Climatarian Diet

What is a Climatarian diet?

A Climatarian diet involves choosing what you eat based on the carbon footprint of different foods. You can use your power as a consumer to drive down the production of the types of meat which have the biggest impact on our climate.

What does this look like in practice?

This requires a basic understanding of the carbon footprint of each type of meat and dairy. Short of this, the minimum someone needs to know is that beef and lamb have by far the biggest carbon footprint of all and should be consumed on special occasions, if at all.

But seriously, how much and how frequently?

According to a Harvard School of Public Health study, this would look like, at a bare minimum, limiting your consumption of beef and lamb to either one standard serving per week (65g as per Australian dietary guidelines) or one large serving a month, such as a steak or roast (~300g). In practice this could be done by trying out vegetarian or vegan options in place of the times you eat beef and lamb or if you can’t do that then switching it over to lower carbon options such as pork or chicken.Once someone has been practising the above and are comfortable with this arrangement then they could consider cutting beef and lamb out of their diet altogether. They could also try limiting their consumption of cheese as this has the biggest carbon footprint of all dairy products.

The Facts

If meat consumption increases at current rates, by 2050 global GHG emissions from agriculture will have increased by 76%. If we all reduced meat consumption by 25%, it could result in a 51% decline in agricultural GHG emissions over the same period.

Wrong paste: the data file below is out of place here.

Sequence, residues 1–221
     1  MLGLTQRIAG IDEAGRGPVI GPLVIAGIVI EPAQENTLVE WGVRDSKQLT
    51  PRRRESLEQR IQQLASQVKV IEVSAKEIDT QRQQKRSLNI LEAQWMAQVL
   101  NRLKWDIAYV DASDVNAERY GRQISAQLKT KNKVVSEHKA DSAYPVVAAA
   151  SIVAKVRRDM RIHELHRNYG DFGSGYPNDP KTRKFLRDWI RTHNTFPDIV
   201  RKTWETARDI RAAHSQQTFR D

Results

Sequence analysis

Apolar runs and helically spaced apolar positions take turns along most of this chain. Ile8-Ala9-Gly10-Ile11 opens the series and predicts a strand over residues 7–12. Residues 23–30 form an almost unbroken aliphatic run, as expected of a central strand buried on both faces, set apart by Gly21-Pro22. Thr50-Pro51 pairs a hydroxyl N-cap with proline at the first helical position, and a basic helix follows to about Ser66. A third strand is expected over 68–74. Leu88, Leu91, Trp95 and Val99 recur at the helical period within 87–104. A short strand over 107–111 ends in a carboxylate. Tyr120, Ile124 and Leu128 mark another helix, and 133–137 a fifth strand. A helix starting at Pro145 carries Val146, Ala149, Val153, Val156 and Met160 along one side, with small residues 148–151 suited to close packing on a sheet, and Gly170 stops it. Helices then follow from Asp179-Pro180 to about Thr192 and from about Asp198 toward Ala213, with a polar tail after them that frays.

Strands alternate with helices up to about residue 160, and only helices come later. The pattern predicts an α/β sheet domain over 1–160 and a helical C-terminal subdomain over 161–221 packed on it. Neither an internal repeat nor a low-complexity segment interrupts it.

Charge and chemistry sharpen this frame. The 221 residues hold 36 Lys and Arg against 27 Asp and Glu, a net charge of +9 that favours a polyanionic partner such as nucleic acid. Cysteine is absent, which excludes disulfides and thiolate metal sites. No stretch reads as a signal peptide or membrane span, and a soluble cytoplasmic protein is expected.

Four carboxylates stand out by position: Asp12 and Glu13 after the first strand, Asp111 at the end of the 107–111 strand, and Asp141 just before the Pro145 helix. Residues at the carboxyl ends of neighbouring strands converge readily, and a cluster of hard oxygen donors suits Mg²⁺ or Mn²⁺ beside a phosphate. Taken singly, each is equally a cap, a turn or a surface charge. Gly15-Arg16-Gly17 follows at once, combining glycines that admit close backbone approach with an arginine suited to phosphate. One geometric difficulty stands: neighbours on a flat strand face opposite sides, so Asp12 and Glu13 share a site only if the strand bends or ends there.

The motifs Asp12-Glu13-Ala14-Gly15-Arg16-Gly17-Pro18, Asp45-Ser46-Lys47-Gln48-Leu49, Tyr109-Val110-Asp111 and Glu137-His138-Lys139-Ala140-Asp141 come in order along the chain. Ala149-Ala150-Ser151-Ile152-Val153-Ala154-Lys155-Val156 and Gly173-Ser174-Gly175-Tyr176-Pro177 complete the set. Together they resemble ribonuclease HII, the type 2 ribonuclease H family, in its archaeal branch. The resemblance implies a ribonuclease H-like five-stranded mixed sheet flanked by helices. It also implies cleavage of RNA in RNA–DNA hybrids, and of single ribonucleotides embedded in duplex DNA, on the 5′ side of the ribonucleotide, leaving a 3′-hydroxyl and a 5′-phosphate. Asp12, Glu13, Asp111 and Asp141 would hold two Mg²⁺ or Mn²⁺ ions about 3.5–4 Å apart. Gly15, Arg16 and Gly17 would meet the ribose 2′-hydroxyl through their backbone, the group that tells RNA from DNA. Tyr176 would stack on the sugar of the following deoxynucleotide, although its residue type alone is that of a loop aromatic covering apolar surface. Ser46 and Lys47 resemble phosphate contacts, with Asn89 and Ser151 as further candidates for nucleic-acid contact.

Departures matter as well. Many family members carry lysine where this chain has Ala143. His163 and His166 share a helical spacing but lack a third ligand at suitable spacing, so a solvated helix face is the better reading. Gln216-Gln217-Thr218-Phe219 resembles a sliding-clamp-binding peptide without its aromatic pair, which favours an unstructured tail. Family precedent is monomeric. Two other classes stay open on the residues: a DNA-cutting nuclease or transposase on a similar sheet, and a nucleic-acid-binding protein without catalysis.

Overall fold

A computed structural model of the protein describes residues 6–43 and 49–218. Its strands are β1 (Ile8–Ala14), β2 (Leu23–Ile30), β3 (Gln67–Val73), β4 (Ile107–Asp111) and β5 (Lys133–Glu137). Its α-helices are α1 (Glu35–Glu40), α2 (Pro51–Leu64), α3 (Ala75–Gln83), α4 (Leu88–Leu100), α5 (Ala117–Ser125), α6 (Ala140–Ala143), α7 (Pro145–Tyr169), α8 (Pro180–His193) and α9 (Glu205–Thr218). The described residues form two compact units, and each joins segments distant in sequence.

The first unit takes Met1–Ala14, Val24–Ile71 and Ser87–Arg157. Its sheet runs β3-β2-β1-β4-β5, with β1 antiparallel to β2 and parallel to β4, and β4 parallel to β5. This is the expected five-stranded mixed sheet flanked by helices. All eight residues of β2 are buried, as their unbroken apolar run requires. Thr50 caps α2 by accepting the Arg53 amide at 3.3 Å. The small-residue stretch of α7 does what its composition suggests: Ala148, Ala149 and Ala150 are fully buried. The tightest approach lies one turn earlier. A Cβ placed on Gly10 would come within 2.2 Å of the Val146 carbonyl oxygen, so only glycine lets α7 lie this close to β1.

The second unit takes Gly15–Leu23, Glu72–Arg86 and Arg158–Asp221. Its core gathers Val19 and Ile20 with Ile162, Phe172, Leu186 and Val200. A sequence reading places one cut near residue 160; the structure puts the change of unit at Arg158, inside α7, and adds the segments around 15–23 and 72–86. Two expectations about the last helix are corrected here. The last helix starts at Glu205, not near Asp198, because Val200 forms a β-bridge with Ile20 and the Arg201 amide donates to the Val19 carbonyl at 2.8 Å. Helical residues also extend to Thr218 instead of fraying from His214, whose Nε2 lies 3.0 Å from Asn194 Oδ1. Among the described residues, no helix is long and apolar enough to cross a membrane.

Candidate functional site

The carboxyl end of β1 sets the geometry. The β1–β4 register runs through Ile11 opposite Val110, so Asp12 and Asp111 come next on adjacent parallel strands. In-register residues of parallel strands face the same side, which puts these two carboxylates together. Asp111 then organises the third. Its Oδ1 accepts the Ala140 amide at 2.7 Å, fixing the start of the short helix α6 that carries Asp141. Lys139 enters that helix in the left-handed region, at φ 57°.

In 2011, the average global per capita meat consumption was 116g per day. A 22% percent reduction to 90g a day; as recommended by the Harvard healthy eating guide, would potentially avoid 2.14 Gt CO2-e per year by 2030, a figure that increases when beef and lamb meat consumption is replaced by non-beef and lamb sources.
By 2050, reducing meat and dairy consumption globally to within the range recommended by nutritional guidelines could potentially avoid up to 5.6 Gt CO2-e per year.
A worldwide reduction of meat and dairy consumption to within healthy eating limits could reduce the costs of staying within a 2°C climate target by 50%.
Without significant reductions in beef and lamb meat and dairy consumption, the growth in agricultural emissions will crowd out mitigation efforts in other sectors and render the 2°C target unrealisable.
The average Australian diet accounts for 14.5kg CO2-e per person per day, with red meat accounting for 8 kg CO2-e per person per day. Reducing beef and lamb meat consumption to 50gg per day could reduce agricultural GHG emissions by 22%, while preventing incidences of colorectal cancer by over 10%y.

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